Many of the project tools available to project managers are simple, yet often people stop themselves from using them because they might look intimidating or difficult to master. It is my experience (with students and, yes, some project stakeholders) that the decision tree tool is one of these. Let us take a moment to review the decision tree, its use, and how to break it down into five easy steps to get great results all the time.
Not that I shy away from complex mathematical problems, but I tend not to like having to confront them. I am not alone in this, as I have noticed in recent years that most of my students and even a few of my project sponsors or stakeholders are also hesitant when it comes to tackling what, at first, looks like a complex mathematical equation. For a lot of people, including myself, a decision tree can look quite daunting. For those of you who are not familiar with decision trees, the diagram on the right is exactly what they look like, branches stemming from nodes breaking down options that are up for decision.
They can be very simple or can get more complex as the number of nodes or options increases.
These are common and used widely when performing risk management activities, so for the better part of my life, I have had to generate them, explain them, or analyze them to come up with decisions around my projects. Having to explain them is where I have developed my own set of five steps or rules to use in solving them. These five steps are of my own creation, and you will not find them documented in any statistics manual. So please, the more expert individuals out there who might be reading this, don’t hate me because I am trying to simplify this to make sense of it better.
We will solve one of these decision trees using five steps/rules, starting with a simple or basic model. I will discuss later some of the more intricate things that might make this not as simple to solve and how to deal with them.
Let us put some data into our decision tree and give it some context.
In the following diagram, we have a decision (Spring Trip) to make between two options (Paris or London), each of which has a different probability of having good or bad weather during the period that we want to visit. For each situation, we are given a cost breakdown of staying and doing activities during good or bad weather. At the end of this, we would like to know which option is going to be the least costly for us to entertain, considering the probabilities and costs highlighted.
Here’s our model:
Having reviewed the weather patterns at the time of year, we are anticipating to traveling we discovered that for Paris, the chances of good weather were 60% while the chance of having bad weather is 40%. We also were told by a reputable travel agency that the cost of doing activities indoors versus outdoors in Paris increased our cost by $5,000.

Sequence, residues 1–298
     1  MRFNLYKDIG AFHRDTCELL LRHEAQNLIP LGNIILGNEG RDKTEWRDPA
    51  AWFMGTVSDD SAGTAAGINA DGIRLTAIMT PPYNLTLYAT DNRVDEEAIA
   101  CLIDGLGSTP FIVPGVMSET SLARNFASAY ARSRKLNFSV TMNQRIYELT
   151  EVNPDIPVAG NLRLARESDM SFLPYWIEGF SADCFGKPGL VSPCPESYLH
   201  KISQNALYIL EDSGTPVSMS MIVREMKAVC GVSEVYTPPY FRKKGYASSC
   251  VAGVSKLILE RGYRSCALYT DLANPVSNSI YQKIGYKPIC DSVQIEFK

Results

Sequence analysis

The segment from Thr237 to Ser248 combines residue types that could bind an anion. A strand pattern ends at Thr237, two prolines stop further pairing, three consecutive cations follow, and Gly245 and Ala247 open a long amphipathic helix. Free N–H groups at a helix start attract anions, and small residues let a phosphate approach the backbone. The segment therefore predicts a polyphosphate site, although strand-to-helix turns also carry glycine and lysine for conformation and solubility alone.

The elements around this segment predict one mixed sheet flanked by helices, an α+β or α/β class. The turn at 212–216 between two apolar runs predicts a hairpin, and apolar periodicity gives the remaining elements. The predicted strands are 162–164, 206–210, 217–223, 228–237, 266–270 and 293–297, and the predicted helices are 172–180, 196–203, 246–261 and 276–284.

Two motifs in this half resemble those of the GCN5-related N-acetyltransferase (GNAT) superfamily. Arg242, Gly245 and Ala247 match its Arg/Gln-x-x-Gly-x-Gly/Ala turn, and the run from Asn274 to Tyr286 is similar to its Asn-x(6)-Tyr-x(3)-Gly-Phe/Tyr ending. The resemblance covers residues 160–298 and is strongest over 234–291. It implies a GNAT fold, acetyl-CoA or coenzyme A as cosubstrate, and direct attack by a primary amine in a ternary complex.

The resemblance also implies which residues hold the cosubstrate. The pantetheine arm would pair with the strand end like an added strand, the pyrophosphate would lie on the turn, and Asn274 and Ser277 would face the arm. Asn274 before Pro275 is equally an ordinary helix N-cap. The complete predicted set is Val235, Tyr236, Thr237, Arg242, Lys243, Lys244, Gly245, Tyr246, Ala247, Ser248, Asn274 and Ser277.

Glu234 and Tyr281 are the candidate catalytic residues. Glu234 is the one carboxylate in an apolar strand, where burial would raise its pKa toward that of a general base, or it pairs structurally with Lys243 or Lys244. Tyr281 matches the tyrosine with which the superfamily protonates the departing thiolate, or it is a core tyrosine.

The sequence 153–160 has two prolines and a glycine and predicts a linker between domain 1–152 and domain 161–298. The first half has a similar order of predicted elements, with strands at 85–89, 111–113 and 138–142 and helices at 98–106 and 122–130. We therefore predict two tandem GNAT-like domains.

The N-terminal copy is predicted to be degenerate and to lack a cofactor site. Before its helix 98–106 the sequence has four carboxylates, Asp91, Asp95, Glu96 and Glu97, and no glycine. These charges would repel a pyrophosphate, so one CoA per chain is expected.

In turn, for London, we have good weather chances at 20% while bad weather chances are at 80%, which would impact our cost by $10,000.
Now let us solve this using my five steps/rules:
Review the model presented to you. Check for out-of-the-ordinary items that might have been introduced, such as deposits, investments, further probability reductions, etc. These would appear more than likely on the option branches before each of the options. These will need to be taken into consideration and taken out (negative) later as these items are provided ahead of the trip and make a difference in our overall costs. At this point, we need to keep these in mind for use later.
In this model, we do not have any such modifiers.
Ensure that our chance/probability node percentages equal 100% for each of our options.
In this case, we are good (60 + 40 and 20 + 80).
Review the cost implications to look for negative or positive calculations. A profit and a loss, for example, would give you a positive and a negative value. A word of caution here, it is not always because something “sounds” negative that it might have a negative cost impact. So, in this case, bad weather does not mean instantly a negative value. Look at the values provided to see if a negative is used.
For our model, no negative values are presented.
Solve the equation by multiplying the chance/probability by the cost at each of the branches. Once complete, then look for those modifiers we discussed earlier (deposit or investment), and factor those out. All that is left is for you to total each option.
Make your decisions based on your data. Looking at our model, it means we would get an outcome of $12,000 for Paris and $18,000 for London. We did not have any modifiers in this model, which means that this is our result. To interpret it, this means that it would be cheaper to travel to Paris by $6,000, taking good and bad weather into consideration during the period that we are investigating.
Here’s the completed model:
You can see that this simple yet powerful tool can be used to make sense or put in perspective a great number of situations during our work on projects. The only key is to be able to clearly identify data to factor in and then do the calculations with a proper interpretation of the results. What makes this even more enticeable to a project manager is that this tool is also flexible enough to account for both complex and simple computations. We hope you’ve learned what you expected about the decision tree.